Monday, 1 September 2008

Google Chrome

So apparently Google is working on it's own browser, and they have produced probably the least funny comic in history to let the world know. Apart from the technical reasons for the browser, that are trumpeted in the cartoon, I imagine the business types at Google are also interested in solving the little issue that while most of the world use Google's search platform, they mostly do it using their arch-competitor's browser (Internet Explorer). Despite extensive funding from Google, Mozilla have never had the brand presence to undo Microsoft's browser-dominance as much as Google would, no doubt, like.

Google's project is planned to be open source, make all the technical bloggers very happy people. But it's worth remembering that "open source" does not mean "democratic". We can reasonably expect Google's browser to be designed carefully around Google's services. This is a branded browser that it likely to be promoting GMail over, say, Hotmail or Yahoo, and GTalk over Skype, AIM, or Facebook's instant messaging.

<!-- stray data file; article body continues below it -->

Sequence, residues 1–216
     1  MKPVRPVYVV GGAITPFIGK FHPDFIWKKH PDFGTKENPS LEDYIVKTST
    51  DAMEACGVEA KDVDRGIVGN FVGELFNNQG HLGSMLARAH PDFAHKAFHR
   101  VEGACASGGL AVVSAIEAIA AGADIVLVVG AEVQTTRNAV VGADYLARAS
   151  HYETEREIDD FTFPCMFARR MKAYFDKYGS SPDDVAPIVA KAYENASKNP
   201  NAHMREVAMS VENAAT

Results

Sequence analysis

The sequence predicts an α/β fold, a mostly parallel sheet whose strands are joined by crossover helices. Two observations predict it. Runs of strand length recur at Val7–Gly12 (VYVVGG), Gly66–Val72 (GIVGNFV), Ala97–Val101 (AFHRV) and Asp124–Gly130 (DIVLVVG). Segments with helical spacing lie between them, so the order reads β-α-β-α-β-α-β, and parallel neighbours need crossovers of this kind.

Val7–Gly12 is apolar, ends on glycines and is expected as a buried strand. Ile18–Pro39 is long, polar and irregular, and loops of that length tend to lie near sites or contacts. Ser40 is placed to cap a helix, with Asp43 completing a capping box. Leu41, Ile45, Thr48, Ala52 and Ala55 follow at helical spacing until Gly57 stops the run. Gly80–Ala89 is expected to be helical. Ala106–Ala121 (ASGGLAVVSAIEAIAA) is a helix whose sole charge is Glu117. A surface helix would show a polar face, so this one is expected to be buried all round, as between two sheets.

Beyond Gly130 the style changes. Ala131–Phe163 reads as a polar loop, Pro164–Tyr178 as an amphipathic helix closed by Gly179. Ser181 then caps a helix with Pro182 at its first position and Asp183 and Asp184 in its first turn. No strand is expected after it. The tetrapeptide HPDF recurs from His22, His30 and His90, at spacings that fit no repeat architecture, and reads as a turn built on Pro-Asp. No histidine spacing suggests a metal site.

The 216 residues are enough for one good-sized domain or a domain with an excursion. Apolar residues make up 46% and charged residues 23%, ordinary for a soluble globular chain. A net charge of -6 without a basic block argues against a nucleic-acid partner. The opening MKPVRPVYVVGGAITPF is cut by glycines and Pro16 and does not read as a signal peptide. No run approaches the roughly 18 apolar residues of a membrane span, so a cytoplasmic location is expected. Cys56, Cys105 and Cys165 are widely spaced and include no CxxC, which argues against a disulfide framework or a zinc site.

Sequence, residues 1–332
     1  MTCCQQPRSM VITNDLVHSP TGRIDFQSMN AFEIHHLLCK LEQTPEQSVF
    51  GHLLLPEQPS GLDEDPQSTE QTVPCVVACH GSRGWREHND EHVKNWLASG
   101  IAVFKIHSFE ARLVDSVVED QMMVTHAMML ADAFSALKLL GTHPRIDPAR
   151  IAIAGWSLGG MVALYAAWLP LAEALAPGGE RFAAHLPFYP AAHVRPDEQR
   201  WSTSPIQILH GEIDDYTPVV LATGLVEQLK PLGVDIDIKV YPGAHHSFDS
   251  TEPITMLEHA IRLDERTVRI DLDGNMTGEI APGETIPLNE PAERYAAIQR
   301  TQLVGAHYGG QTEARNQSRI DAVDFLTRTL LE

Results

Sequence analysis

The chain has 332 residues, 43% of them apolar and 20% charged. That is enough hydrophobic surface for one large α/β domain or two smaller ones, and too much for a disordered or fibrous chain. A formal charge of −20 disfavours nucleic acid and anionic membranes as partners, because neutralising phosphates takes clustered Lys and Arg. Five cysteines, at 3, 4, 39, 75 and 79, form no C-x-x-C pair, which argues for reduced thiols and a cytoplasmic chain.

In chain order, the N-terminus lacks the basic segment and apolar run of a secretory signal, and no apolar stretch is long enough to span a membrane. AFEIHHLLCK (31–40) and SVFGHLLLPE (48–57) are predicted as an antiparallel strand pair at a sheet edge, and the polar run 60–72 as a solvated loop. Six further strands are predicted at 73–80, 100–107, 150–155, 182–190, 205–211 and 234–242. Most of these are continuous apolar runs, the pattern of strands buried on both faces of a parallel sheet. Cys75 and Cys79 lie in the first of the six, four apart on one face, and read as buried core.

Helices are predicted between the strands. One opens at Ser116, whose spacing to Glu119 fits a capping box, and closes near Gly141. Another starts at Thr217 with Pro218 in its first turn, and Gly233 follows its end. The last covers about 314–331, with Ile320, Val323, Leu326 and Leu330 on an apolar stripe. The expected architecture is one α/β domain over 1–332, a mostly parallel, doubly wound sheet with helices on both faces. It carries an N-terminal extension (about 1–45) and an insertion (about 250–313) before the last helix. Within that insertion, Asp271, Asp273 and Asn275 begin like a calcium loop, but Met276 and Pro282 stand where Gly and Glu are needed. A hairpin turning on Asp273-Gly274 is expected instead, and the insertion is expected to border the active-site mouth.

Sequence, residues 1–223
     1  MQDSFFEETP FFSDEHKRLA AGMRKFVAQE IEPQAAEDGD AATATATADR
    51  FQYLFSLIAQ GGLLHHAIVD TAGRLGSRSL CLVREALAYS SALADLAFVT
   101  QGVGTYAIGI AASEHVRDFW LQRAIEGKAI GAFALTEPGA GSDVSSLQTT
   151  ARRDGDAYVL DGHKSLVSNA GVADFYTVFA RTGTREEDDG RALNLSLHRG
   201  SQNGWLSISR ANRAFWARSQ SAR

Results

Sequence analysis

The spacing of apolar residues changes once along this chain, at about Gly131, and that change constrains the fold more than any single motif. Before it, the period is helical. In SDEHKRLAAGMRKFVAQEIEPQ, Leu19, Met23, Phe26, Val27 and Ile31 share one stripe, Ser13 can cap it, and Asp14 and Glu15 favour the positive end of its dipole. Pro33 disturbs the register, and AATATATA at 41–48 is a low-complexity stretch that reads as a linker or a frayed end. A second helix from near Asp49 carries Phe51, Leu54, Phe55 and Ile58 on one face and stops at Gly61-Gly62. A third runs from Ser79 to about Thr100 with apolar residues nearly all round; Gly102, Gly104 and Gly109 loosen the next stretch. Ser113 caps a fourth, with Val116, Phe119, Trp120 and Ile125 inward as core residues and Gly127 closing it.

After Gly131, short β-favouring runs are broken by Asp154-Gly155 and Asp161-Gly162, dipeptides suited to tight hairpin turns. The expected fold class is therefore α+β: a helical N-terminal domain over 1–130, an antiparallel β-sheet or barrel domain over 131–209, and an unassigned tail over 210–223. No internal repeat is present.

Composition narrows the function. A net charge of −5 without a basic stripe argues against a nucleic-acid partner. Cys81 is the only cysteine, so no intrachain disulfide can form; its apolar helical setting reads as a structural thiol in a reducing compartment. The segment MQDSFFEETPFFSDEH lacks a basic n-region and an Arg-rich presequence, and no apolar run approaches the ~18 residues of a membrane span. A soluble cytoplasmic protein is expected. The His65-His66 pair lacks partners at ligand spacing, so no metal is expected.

But then, the chances are that even Google's brand presence will not push out IE in the near term -- how do you market a "better browser" to an end-user who doesn't know any of the technical reasons? Especially when you can't afford to stop giving the browser they're already using great support? However, a Google Browser probably could out-compete Mozilla's Firefox. (And for how long will Google continue to fund Mozilla? They are by far the biggest financial contributor at the moment.) That in turn could help Google dominate some of the competition in Web-based applications -- the losers from this might well be AOL, Skype, and Adobe.

And then there's the small matter of upcoming competition -- competing for the next generation of apps. Adobe AIR threatens to take Web applications out of the browser, and provides a rich application environment without some of the hassles of HTML. That could become a compelling story, and Adobe have a history of getting their product out to a large userbase (Flash has around a 90% install-base). And they have an online-documents suite that is a minor competitor to Google Docs, but that could easily become more compelling. So, it is very much in Google's interests to improve the HTML+Javascript experience of the browser, since that is where all of their business is based.

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